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Wednesday, May 08

Bio Land Use Change and Overview

Daniel Inman, National Bioenergy Center, NREL, Oak Ridge
Center for Bioenergy Sustainability Seminar
3:30 PM — 4:30 PM, Environmental Sciences Division Building, Building 1505, Ocoee Conference Room 189
Contact: Jennifer Smith/Diane Kosier ( or, 865.574.8452


NREL has have developed a system dynamics approach to land use change (LUC) modeling, called BioLUC. This model captures key feedback processes that drive the allocation of land over time, such as imbalances between production and consumption of agricultural products, demand for animal products, crop and animal product imbalances between production and consumption, re-allocation of existing crop land among different uses, re-distribution of the land bases, to name a few. In addition to this, the BioLUC model captures changing population dynamics, gross domestic product, and dietary shifts at a regional level. Gaining insights about how seemingly disparate policies interact and affect global land use change is important for the biofuels industry as a whole and policy makers at all levels. Biofuels offer one alternative to petroleum based liquid transportation fuels, and have been shown to offer benefits in terms of greenhouse gas emissions. However, compared to petroleum-based fuels, biofuels have a much larger land footprint because of the land needed to grow biomass feedstocks. Models such as the BioLUC allow us to examine how certain scenarios unfold within a specific context, and help elucidate a more sustainable path forward for biofuels. Currently the LUC modeling community lacks consensus on the causal relationships that underpin modeling results. BioLUC is intended to complement existing LUC modeling approaches and to improve the understanding of global LUC drivers and dynamics by allowing examination of global LUC under diverse scenarios and varying model assumptions.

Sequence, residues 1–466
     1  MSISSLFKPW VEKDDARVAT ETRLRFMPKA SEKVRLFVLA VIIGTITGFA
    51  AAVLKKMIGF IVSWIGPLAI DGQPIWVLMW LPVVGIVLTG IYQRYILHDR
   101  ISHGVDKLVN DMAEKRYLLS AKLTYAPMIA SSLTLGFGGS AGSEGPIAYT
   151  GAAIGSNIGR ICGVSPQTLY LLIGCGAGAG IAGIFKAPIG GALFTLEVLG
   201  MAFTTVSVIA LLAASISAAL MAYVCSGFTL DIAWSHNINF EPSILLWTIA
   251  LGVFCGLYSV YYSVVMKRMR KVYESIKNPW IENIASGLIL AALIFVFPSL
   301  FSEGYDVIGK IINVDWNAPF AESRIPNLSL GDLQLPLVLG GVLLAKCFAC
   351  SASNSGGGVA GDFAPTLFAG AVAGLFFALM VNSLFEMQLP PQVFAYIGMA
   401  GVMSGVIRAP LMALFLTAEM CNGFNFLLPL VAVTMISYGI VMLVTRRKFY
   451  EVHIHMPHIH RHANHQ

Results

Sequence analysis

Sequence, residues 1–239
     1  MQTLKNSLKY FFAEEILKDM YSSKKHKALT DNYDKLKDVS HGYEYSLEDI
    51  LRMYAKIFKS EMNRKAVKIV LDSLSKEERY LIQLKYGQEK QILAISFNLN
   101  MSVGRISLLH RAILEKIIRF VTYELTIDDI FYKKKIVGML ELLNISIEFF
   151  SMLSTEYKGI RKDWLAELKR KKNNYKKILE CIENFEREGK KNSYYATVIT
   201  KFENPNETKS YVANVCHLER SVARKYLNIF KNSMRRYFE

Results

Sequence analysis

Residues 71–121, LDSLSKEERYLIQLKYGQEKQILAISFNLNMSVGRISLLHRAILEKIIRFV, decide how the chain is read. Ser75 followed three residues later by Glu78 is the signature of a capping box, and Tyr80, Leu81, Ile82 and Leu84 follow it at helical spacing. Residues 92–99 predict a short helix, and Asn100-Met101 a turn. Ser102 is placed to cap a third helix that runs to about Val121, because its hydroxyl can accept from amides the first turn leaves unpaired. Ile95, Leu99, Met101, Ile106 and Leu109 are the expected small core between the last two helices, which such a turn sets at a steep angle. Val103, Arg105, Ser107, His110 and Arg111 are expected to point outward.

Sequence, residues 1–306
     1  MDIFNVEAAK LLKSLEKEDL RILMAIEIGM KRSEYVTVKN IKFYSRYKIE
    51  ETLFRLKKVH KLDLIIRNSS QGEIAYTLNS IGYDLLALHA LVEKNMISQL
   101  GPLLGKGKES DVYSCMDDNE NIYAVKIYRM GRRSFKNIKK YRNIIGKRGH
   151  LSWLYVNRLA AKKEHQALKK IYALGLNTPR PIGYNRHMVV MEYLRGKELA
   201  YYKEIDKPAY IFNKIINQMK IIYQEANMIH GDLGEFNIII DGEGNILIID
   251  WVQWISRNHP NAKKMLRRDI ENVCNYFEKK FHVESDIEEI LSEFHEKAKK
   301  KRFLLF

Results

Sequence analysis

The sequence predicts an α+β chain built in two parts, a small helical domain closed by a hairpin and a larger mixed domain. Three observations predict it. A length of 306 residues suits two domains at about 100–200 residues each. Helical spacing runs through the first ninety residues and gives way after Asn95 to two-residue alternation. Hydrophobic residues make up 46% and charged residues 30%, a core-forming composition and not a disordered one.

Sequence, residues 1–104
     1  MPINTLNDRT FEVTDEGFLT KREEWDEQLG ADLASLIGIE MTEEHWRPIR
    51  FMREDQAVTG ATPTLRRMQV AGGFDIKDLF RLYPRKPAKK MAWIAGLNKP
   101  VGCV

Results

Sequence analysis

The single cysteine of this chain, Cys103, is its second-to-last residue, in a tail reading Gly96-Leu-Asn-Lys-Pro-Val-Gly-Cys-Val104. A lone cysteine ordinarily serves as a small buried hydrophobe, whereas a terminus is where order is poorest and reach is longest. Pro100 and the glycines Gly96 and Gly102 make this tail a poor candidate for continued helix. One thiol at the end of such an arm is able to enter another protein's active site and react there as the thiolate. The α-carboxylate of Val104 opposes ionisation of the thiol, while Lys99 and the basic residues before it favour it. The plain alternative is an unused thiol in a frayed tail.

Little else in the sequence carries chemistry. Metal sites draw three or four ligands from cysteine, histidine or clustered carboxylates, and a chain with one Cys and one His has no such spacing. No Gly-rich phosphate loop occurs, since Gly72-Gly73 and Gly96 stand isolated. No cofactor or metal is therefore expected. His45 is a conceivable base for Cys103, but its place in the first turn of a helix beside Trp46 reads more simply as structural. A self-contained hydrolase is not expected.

About the Speaker
Danny joined NREL in February 2008. His research is mostly centered on lifecycle assessment of renewable energy technologies and system dynamics modeling of biofuel markets, land use change, and water footprint implications of biofuels. Additional research interests include statistical data mining, improved feedstock production practices, and feedstock logistics systems.